The Solus Project


The Solus project is a first person exploration game, set on an alien planet. It was developed for 3 years, lead by Sjoerd "Hourences" De Jong. I created a part of the final level for Solus. I was responsible for the level design and level art.

Level design

I was given a clear task from Sjoerd, to create a room that linked his previous game "The Ball" and "The Solus Project" together. The goal of this part of the level is to envoke the feeling that the balls are intimidating, like a looming shadow.


The layout of "the ball room" was fairly simple. I was instructed to do a straight path forward. The challanges with this level was related to making the player feel different emotions with using only space and lighting. The purpose of this level is to show that the mystic spheres that have only been seen once or twice are not unique, but rather mass produced.

Below in the walkthrough I have a gif for each number on the timeline. Even further down, below the walkthrough, I have a extended explanation of the pacing in Solus.


(The gifs became a bit grainy when I optimized them to load faster)

As this is only a part of the final level, you start in a claustrophobic maze-like corridor. This is deliberate to give more contrast before it opens up into a larger room later on. It is pitch black, the only light comes from the flashlight. 

On the way to the larger room, lore is presented on stone tablets along the way to build tension and interest in the player. 

The corridor opens up into a larger room. The player will see a lot of balls that they know can contain monsters. The player is elevated by a few stairs at the start of the room to be able to see how many balls there are. The white sterile light combined with the systematic placement of the balls makes for an uncomfortable environment.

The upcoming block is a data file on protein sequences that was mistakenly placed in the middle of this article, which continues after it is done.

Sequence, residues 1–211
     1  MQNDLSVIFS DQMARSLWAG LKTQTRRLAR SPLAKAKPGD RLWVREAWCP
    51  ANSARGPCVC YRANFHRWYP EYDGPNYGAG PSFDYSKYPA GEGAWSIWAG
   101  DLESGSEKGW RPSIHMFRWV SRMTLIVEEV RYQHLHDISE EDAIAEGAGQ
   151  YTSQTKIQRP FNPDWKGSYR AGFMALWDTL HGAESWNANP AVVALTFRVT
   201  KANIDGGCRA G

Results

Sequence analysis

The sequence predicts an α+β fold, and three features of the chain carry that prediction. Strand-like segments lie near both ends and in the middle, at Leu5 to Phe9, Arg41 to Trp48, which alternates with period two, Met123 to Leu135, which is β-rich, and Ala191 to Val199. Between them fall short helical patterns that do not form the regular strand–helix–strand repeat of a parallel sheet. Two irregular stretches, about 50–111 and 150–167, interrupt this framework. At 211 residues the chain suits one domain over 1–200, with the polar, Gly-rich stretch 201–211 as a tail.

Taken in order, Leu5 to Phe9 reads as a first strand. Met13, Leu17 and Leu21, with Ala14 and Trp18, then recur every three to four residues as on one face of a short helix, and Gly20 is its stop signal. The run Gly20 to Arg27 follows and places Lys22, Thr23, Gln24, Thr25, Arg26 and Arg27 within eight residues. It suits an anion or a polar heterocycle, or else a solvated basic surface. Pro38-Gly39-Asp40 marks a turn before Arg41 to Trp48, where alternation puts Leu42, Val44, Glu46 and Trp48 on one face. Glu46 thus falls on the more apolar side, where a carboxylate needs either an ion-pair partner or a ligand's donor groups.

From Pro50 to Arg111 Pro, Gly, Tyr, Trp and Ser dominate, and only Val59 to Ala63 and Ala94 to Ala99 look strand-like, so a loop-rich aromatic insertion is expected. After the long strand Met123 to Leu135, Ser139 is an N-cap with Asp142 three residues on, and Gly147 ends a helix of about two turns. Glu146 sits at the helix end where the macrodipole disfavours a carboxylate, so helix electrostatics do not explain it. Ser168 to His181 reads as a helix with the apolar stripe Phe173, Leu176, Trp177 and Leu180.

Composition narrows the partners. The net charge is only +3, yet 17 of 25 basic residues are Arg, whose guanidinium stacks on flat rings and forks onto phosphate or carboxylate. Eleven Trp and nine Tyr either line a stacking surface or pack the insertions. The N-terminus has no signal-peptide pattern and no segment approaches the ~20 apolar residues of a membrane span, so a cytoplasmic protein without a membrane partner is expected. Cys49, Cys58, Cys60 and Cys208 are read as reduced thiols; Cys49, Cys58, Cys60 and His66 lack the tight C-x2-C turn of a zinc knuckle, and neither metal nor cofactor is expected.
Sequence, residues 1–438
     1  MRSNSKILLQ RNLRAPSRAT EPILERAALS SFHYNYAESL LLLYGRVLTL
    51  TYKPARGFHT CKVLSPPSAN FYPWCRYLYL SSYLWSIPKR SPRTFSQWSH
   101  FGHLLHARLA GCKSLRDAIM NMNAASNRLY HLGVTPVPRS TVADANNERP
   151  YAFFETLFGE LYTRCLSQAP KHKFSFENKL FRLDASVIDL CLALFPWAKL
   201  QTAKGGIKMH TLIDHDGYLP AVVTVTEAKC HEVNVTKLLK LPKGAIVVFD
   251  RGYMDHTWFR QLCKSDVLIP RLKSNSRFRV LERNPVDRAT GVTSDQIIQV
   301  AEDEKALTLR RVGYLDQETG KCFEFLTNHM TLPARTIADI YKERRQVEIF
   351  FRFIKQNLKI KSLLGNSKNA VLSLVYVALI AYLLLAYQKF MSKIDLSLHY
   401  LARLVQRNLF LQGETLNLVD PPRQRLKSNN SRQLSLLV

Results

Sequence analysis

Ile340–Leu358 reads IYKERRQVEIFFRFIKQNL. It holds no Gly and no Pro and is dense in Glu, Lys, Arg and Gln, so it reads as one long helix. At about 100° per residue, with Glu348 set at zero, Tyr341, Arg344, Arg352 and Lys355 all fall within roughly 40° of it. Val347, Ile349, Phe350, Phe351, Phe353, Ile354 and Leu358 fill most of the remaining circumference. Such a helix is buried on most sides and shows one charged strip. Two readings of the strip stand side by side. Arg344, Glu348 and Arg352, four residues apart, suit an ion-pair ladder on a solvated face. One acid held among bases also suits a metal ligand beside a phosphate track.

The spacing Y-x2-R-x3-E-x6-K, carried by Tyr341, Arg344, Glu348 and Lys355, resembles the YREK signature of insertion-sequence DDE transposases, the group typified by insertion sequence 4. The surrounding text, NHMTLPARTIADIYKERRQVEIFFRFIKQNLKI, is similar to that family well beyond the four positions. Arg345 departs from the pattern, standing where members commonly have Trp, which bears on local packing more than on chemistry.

Once the player is down on the floor, the balls are close to the player and also high up. They are almost looming over the player. The level also had to work with a lot of different light sources, such as torches, flashlights and glowing crystals. On this gif the flashlight turning on and off to show one of the possible lights.

The floor is slanted downwards, to create a more claustrophobic feeling. This also makes the balls feel closer and greater in number. The balls were very high-poly and we could not have a lot of them due to optimization. I had to do a lot with very few balls.

The player gets to the climax of the room, approaching a sculpture of a mystic alien head. I worked a lot with framing and lines pointing towards the head to make it feel more powerful. Below the head there is liquid lava. This gives a scary red under-light to the head. The head is also positioned above the player, looking down. Most of this is to make the player feel less powerful, and make the head feel more threatening.

The yellow lines outline the enviroment. The repeating layered style of the architecture creates multiple frames around the head, framing it. The architecture also creates a lot of lines, leading the eye towards the head.

At the end of the level the player enters a tunnel below the stone head. It is very dark and the player can not see especially far in front of themselves. At the end of the tunnel there is a ladder leading to the exit.

Extended pacing

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